Overturned half-court shot gives WVU pulse-pounding win over Oklahoma
For about 30 minutes, Friday night's Big 12 Tournament semifinal looked like one of the purest expressions yet of the basketball ethos that is “Press Virginia.”
But things are usually never that easy, and the Mountaineers endured one of the wildest finishes in recent memory to claim a 69-67 semifinal win over No. 6 Oklahoma (25-7).
No. 9 West Virginia (26-7) will play No. 1 Kansas in the Mountaineers' first Big 12 Tournament final at 6 p.m. Saturday.
West Virginia's emotions went wildly up, then wildly down, then wildly up again in the span of a few minutes.
With his team down one point with no timeouts and time dwindling, WVU guard Jaysean Paige made a go-ahead, pull-up jumper with 11 seconds left.
“I just felt like I had to step up and try to make a play for my team,” Paige said.
For a moment, at least, it looked like that shot would not matter.
With time expiring, Oklahoma star Buddy Hield banked in a half-court, game-winning shot, sending the Wooden Award candidate leaping into the stands in celebration.
“It was like a movie,” point guard Jevon Carter said. “You watch a movie. They have the camera on the main character the whole time. You know it's going to be a tough game in the championship game. The main character hits a tough shot; they win. It was like, ‘Man, did that really just happen?' ”
But once Hield stepped back onto the court, he discovered the officials were reviewing the shot. They found that the ball left Hield's fingertips a fraction of a second too late. Game over: West Virginia survives.
West Virginia forced 21 turnovers, and Carter scored 26 points.
Hield, meanwhile, had his most ineffective offensive games of the season — six points on 1-of-8 shooting.
The Big 12's leading scorer, who tallied 39 points in Oklahoma's quarterfinal win over Iowa State on Thursday, did not score against West Virginia until it was almost halftime. The Mountaineers' defense denied him the ball most of the game.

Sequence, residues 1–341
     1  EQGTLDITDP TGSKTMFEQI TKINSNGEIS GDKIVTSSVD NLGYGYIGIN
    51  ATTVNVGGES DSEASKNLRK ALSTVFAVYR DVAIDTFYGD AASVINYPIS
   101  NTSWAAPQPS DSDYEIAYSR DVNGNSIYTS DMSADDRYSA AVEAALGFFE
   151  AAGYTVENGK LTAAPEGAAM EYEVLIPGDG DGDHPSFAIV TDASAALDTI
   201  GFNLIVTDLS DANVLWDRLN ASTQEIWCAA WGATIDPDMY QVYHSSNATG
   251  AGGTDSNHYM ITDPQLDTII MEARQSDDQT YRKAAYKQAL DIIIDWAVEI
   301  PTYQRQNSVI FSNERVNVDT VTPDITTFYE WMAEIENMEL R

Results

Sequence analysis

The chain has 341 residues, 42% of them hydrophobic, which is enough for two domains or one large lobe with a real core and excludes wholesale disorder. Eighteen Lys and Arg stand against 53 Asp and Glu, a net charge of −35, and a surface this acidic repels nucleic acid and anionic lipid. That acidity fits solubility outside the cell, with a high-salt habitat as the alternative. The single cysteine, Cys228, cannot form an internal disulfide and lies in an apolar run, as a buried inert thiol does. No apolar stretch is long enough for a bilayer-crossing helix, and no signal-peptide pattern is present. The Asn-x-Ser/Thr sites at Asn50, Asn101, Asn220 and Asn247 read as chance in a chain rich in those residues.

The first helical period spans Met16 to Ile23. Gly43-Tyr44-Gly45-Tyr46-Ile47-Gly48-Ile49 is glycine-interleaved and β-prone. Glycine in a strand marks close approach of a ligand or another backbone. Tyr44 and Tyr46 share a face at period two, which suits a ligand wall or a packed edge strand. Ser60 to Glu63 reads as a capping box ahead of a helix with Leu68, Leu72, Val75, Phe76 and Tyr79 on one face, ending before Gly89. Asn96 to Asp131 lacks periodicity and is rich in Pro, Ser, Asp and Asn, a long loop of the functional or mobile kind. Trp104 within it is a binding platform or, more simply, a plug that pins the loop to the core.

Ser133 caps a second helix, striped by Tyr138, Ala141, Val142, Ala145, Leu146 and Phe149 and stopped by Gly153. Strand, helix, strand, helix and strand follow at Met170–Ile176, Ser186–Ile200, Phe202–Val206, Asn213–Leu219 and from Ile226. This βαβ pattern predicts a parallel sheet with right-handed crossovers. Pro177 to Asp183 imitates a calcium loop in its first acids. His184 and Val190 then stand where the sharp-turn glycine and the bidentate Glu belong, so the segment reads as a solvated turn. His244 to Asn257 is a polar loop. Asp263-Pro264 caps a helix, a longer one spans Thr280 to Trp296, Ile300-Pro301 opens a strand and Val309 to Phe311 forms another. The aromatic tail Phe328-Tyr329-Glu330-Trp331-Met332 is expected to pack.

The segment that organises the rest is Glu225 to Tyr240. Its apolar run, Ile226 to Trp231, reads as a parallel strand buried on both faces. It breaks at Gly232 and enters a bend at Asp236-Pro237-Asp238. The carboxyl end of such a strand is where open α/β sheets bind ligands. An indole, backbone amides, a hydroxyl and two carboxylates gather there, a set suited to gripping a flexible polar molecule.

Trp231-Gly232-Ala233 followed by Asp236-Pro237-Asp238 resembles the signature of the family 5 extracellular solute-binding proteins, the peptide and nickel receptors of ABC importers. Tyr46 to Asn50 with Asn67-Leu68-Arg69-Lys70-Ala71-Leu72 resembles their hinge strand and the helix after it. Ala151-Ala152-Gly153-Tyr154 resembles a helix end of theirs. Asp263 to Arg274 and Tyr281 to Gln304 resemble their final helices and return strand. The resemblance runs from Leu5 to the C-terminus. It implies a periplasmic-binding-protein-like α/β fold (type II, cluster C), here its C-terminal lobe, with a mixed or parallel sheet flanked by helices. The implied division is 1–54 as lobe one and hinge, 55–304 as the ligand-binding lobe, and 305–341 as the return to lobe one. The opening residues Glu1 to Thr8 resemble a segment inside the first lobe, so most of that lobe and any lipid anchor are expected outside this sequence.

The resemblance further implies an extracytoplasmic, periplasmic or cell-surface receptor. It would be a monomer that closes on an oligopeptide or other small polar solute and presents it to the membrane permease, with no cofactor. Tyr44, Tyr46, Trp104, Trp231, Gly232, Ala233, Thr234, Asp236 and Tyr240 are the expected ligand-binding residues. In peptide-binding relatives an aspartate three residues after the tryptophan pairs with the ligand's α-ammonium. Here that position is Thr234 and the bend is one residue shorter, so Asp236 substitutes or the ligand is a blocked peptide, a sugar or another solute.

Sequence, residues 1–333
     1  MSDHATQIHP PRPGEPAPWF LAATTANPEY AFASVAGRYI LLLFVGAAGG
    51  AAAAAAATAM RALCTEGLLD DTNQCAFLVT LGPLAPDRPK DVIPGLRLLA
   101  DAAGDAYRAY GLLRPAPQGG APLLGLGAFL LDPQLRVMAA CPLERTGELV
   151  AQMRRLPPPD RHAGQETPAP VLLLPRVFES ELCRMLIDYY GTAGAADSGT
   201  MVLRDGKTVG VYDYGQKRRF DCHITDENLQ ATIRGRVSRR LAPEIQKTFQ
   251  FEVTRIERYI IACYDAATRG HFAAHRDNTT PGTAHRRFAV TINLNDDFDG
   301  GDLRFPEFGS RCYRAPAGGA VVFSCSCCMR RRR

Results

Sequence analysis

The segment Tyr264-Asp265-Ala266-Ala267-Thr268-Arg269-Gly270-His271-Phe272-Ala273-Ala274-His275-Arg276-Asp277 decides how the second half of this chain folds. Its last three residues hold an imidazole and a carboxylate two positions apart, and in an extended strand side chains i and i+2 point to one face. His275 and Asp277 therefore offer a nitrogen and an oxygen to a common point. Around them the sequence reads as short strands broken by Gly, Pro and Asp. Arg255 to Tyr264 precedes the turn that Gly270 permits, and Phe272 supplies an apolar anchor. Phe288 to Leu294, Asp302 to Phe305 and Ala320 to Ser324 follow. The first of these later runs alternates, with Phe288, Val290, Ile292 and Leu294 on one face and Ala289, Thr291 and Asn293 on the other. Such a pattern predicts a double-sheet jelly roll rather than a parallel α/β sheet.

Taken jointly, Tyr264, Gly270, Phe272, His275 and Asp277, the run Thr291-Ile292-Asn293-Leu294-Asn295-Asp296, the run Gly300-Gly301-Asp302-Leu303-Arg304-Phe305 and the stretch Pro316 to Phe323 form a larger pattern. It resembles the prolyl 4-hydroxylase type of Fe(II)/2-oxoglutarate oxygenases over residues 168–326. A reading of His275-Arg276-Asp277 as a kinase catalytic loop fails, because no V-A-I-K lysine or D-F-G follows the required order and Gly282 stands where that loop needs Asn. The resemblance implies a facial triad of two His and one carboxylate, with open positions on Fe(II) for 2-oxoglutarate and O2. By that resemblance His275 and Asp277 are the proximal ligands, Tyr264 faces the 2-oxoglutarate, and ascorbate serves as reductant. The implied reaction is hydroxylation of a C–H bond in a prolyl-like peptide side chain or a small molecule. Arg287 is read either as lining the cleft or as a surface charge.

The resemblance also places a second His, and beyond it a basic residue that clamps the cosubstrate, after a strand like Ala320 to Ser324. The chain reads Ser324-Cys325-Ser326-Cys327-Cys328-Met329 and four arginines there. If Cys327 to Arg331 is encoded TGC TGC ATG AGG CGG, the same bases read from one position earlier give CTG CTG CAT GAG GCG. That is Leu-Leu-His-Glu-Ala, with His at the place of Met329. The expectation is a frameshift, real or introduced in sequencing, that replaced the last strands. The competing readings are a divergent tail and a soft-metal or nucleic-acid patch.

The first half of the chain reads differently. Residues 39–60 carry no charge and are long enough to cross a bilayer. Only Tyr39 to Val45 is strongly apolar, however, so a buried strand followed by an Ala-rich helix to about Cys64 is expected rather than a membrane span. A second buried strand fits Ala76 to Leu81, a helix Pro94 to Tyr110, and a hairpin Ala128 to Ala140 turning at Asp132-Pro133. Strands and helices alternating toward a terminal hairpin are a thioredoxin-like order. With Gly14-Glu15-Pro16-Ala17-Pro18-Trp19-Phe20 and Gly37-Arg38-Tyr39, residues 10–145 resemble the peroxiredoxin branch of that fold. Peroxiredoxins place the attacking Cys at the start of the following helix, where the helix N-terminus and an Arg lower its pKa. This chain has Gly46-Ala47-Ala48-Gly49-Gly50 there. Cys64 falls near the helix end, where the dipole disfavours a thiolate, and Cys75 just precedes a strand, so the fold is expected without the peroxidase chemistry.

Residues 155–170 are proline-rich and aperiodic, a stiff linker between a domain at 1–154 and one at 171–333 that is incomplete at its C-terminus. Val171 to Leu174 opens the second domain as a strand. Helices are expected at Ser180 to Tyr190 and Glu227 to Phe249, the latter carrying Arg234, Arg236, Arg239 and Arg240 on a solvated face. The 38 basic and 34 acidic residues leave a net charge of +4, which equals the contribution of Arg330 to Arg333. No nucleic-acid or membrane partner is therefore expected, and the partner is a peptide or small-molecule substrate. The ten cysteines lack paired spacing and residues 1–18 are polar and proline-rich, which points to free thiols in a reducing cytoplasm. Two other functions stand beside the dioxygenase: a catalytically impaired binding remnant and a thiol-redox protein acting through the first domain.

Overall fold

“I think we got very physical with him,” Carter said. “We made him not want the ball and wore him down. He played a lot of minutes. So we kept a fresh guy on him and kept wearing him down, kept making him take tough shots, and all we have to do is just rebound it.”
In a sloppy first half reminiscent of West Virginia's quarterfinal win over TCU, Oklahoma and West Virginia combined for 18 turnovers, and WVU shot just 33 percent from the field. The Mountaineers seemingly could not make a shot unless it was from beyond the 3-point arc. They made 6 of 11 on 3s but just 5 of 22 inside the arc.
A night after making three 3-pointers against TCU, Carter continued his hot shooting, hitting his first four long-range tries in the first half.
Carter didn't stop there, nailing his first two 3-pointers of the second half, part of an 8-0 run to put the Mountaineers up eight.
WVU's momentum disappeared quickly as Oklahoma reeled off a 12-0 run down the stretch, capped off by a Christian James 3-pointer to give the Sooners their first lead since the first half and set up the heart-stopping finish.
Tarik Phillip briefly gave West Virginia the lead back with layup, but Isaiah Cousins immediately responded with a go-ahead 3-pointer before Paige made the winning shot.
David Statman is a freelance writer.